Professor Finds Balance between Art and Medicine
Cynthia Standley, PhD, always knew she wanted to wear a white coat, she just didn’t know if it would be for science or art.
Dr. Standley, program director of the Art in Medicine program and a founding faculty member at the University of Arizona College of Medicine – Phoenix, has been a medical educator for more than 25 years.
“I love teaching physiology and neuroscience to medical and health professional students,” Dr. Standley said. “Every time I meet a new class, I find myself continuing to learn things and I find my time with them uplifting and inspiring. I really enjoy the active learning and teaching in the model of the flipped classroom. That’s where you can really see the light bulbs turn on.”
Dr. Standley did not always see herself as a teacher. At one point, she wanted to become a scientific illustrator, but instead, opted for a science route and kept art on the side.
“I have always been interested in the brain. I was an aerobics instructor in college and one of my co-workers was a medical student at Wayne State University and I happened to mention to her that I loved learning about the brain,” Dr. Standley said. “She connected me with a neurophysiologist who then became my mentor and next thing you know, I graduated with a PhD in Physiology.”
Dr. Standley received her bachelor’s degree in biology and PhD in physiology from Wayne State University in Detroit, Michigan. Her first faculty appointment was at the Detroit Medical Center, but ultimately, she moved to Phoenix to become part of the inaugural faculty at the Arizona College of Osteopathic Medicine in Glendale. She was there for 10 years before she helped open the School of Osteopathic Medicine in Mesa. Eventually, she found her way to the UA College of Medicine – Phoenix in 2008.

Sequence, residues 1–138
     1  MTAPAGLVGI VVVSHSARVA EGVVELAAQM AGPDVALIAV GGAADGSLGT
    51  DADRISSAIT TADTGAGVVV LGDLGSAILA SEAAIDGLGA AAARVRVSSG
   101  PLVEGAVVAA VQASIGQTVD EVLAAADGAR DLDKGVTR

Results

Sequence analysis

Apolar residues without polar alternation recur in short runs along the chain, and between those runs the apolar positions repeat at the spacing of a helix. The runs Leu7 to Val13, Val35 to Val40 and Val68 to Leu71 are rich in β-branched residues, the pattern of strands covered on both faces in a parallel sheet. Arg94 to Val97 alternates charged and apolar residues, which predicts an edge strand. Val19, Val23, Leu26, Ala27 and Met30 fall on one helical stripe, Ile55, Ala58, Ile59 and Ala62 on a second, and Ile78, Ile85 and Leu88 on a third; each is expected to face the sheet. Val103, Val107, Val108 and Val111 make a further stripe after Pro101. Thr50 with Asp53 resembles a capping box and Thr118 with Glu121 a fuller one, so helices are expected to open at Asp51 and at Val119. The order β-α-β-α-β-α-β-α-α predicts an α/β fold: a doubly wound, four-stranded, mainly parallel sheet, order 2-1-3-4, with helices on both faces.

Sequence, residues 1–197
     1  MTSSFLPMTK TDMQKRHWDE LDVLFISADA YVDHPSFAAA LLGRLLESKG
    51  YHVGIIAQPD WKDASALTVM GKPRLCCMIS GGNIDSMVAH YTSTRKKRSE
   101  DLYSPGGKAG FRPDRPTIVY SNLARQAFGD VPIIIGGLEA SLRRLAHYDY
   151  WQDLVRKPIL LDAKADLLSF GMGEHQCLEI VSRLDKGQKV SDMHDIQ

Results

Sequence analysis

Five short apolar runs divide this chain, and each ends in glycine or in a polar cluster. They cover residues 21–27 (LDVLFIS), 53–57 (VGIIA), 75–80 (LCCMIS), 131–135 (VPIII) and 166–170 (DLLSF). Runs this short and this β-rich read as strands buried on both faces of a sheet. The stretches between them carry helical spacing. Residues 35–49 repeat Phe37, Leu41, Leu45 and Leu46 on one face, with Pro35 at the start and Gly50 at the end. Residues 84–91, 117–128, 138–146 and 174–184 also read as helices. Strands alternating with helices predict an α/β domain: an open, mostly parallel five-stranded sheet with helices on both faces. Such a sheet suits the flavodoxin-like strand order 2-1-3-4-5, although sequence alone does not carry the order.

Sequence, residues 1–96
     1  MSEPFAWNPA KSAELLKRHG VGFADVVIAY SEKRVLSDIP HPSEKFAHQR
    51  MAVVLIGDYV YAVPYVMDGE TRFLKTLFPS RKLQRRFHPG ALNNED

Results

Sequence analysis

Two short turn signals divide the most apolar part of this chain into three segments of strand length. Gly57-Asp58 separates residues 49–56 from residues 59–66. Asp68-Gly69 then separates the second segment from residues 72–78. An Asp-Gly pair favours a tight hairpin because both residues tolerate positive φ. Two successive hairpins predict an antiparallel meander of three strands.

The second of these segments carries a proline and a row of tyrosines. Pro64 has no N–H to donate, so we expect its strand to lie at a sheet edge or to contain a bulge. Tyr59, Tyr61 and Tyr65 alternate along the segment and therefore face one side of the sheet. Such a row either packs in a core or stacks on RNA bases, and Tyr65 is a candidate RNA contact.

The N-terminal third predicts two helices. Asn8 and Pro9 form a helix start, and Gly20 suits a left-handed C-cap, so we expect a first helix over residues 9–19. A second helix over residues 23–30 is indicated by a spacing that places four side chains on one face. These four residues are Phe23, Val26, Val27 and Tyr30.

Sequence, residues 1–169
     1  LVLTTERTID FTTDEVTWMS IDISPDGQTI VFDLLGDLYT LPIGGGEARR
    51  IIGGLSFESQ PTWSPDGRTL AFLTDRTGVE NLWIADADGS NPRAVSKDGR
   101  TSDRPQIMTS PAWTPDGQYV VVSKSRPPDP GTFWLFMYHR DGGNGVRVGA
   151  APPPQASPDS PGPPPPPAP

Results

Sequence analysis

Dr. Standley started at the college as a research professor with a lab in the Department of Basic Medical Sciences. Her research was in the area of pre-eclampsia, seizures and magnesium sulfate. She closed her lab a few years ago to focus on medical education research. Her current work is funded by the Team-Based Learning Collaborative.
In 2014, Dr. Standley started the Art in Medicine program under the Department of Bioethics and Medical Humanism to help medical students sharpen their skills in observation and description, foster critical thinking and improve communication skills. In the program, medical students are challenged to explore the range of human emotion and perception of the world as conveyed visually.
“Medical students are taught to recognize patterns using diagnostic algorithms, to think very critically, with an eye toward details,” Dr. Standley said. “Art in Medicine expands on this and provides them with opportunities to think more openly. Instead of listening with an ear toward a preconceived conclusion, we encourage listening for understanding, looking for the details that should capture their attention. This way, we are promoting divergent, out-of-the-box thinking and equipping our students to make meaningful connections between disparate fragments. With innovative practices, we can improve the health of the patients and ultimately, promote more humanistic care.”
Several years ago, Dr. Standley attended an Educator’s Night at the Phoenix Art Museum where she met the museum’s director of education. They brainstormed a way to involve medical students in viewing art that could relate to what they were learning in their clinical skills course. The program has been so successful that they now offer six evening programs a year for students, faculty and staff at the museum.
Through partnerships with museums, students are offered programs in structured observation of artworks and discussion of fine arts concepts with the goal of improving their visual diagnostic skills and communication skills. Within the Art in Medicine program, Dr. Standley, in collaboration with Gary Glazner of the Alzheimer’s Poetry Project out of Brooklyn, NY, started the college’s Creativity in Elder Care program, which trains medical students in the use of creative expression to improve care in patients with dementia.
“I am really proud of the Creativity in Elder Care Program,” Dr. Standley said. “It’s been great to have this program recognized by the Arizona Commission on the Arts. So, while I didn’t go to school for art, it is awesome that I can now bring art into my daily life at work.”